What are Grandparent’s and Close Relative’s Rights in Texas?

 

The legal rights of Grandparents in Texas is currently in turmoil, and may be one of the most complex and hard to understand areas of family law in Texas today.  Up until the landmark United States Supreme Court case entitled, Troxel v. Granville, of June 5, 2000, grandparents in Texas had liberal rights to sue for custody, possession or access.   Post Troxel case law and recent changes to the Texas Family Code have significantly modified and limited those rights.   It is important for anyone researching grandparent’s rights in Texas to understand that much of the law in this area has changed, not only because of the effect of  Troxel, but also because of significant and far reaching changes to the Texas Family Code in 2005.  Therefore, any older articles or old cases may be outdated and inapplicable to the current law.  It is important that any person interested in obtaining rights to another’s child have a consultation with an experienced Texas family law lawyer.    Gary Kollmeier has the experience to help grandparents keep or establish bonds with their grandchildren.

The relationships between children and their grandparents is important and generally in the best interest of the children.   Unfortunately, these relationships may be strained or eliminated because of divorce, separation or death.  When child custody and child possession is finalized, grandparents often lose the ability to contact and have an influence.   Historically in Texas, Grandparents have stepped in to fill the void in care and nurturing caused by divorce separation, drug and alcohol abuse, or mental illness of the biological parents.   Grandparents can play and important and supporting role to promote stability in the lives of children whose families are in deep conflict.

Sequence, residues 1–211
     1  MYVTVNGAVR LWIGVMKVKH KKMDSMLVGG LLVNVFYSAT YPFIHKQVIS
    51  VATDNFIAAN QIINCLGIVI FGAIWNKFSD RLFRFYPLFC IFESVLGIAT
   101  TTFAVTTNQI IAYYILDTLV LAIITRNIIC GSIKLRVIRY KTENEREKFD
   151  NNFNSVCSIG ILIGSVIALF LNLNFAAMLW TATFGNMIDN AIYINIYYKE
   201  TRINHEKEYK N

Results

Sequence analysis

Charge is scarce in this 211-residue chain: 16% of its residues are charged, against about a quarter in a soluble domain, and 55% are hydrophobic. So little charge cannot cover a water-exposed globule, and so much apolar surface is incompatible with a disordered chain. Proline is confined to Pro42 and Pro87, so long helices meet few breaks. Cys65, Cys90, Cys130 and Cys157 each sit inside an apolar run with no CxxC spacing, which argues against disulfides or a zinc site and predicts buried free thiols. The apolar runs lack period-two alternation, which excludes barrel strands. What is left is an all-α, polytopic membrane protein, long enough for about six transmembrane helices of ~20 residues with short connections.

In a normal situation, there would be no need for court-ordered visitation or custody of children by grandparents. Grandparents and parents would work together to ensure and promote the normal family bonds and visitation by grandparents with grandchildren.   Unfortunately, this if often not the case, when parents separate or divorce.   There may or may no be justified and rational reasons, for a parent(s) to limit a grandparent's visitation with a grandchild.    Usually, when Grandparent’s rights are in issue, the grandparent is in conflict with not only with the parent of the child from the other side of the family, but, usually his or her own adult child, and hence loses contact or influence with the grandchild.    In Texas, a grandparent can always enjoy a relationship with a grandchild providing that at least one parent allow or facilitates the contact.   Sometimes, especially in the case of unmarried or deceased parents, the remaining parent who has custody or control of the child is resistant to allow the grandparent access or visitation.

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Gary Kollmeier
Gary Kollmeier

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